One of the holiest shrines in all of Buddhism is the Temple of the Tooth in Kandy, Sri Lanka. It is located in the royal palace complex of the former kingdom of Kandy. It is hundreds and hundreds of years old and houses the relic of the tooth of the Buddha.
I was so impressed by the history and architecture of this beautiful temple. I was amazed at the hundreds of devotees who gathered holding flowers. Among the group were Buddhist monks, a huge number of school children, all wearing white uniforms, and a wide-eyed Methodist. It was quite an experience with all the history, vibrant colors, incense, chanting, bells ringing. I will never forget my visit to the Temple of the Tooth.
I am not writing this today in a sanctimonious, holier-then-thou kind of way, because I am not holier-than-thou. But that morning on the other side of the world in Sri Lanka, I breathed a prayer of thanksgiving and adoration that the Christian faith focuses on a tomb that is empty, on a savior who is alive.
No bones can be found in the tomb of Jesus in Jerusalem. Not even a tooth. He rose from the grave, alive forever and ever.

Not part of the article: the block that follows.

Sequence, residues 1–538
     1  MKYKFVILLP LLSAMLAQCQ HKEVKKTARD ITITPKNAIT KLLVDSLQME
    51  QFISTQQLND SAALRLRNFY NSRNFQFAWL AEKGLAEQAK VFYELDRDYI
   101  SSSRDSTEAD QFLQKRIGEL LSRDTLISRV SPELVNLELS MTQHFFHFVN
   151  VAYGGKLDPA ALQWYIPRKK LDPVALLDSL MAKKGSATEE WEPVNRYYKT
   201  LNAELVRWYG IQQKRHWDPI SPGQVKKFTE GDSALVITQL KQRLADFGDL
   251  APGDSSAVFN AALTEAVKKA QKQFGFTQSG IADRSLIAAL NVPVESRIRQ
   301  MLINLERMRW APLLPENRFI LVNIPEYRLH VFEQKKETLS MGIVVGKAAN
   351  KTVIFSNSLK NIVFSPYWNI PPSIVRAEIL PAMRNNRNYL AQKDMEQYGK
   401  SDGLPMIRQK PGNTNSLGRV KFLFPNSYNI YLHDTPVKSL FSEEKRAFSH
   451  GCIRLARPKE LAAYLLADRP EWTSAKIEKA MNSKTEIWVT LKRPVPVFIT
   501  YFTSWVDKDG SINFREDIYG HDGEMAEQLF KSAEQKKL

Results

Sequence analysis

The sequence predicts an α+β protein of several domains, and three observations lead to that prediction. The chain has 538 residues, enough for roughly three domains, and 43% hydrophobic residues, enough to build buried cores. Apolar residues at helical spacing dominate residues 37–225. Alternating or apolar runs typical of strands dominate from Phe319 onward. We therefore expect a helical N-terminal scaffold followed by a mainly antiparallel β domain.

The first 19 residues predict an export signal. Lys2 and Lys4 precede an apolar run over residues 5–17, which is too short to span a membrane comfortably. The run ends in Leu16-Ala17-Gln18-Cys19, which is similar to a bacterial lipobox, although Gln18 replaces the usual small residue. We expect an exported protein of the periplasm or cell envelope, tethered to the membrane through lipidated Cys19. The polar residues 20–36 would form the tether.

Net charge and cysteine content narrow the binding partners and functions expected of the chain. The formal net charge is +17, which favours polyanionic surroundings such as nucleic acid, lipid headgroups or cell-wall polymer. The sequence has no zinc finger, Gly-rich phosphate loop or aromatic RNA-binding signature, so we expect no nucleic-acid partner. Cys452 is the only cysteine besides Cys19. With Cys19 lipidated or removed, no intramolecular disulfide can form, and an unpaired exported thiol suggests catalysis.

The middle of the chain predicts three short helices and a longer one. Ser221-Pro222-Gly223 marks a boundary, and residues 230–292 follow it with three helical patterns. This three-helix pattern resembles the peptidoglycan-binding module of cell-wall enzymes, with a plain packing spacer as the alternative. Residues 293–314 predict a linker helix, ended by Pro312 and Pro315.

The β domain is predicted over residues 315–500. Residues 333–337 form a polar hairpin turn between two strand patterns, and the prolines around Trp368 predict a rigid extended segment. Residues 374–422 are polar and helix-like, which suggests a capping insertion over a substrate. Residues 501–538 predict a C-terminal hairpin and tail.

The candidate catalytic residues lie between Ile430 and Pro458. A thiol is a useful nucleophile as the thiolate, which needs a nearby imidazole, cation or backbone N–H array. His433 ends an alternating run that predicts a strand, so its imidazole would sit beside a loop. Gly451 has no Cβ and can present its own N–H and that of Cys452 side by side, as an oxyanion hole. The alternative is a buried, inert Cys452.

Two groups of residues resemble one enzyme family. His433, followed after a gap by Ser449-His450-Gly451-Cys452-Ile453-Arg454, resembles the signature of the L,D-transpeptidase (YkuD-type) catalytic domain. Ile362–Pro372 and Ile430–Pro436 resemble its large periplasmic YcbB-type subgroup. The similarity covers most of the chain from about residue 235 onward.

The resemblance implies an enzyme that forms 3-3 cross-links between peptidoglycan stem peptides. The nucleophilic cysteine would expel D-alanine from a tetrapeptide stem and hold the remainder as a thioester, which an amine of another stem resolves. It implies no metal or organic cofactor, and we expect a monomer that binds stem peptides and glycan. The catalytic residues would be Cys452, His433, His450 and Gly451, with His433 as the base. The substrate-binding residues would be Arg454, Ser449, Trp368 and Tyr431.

One of my favorite contemporary theologians is Thomas Oden. He was professor of theology and ethics at Drew University. He wrote, “Resurrection is not merely an optional addendum or incidental epilogue to the gospel. It is intrinsic to the gospel, crowning the narrative, and validating the earthly ministry of Jesus.” (“Classic Christianity,” page 458)
I love the beautiful hymn by Bill Gaither, “Because he lives I can face tomorrow, because he lives all fear is gone. Because I know he holds the future, and life is worth the living just because he lives.”
I am so thankful today for a living Savior.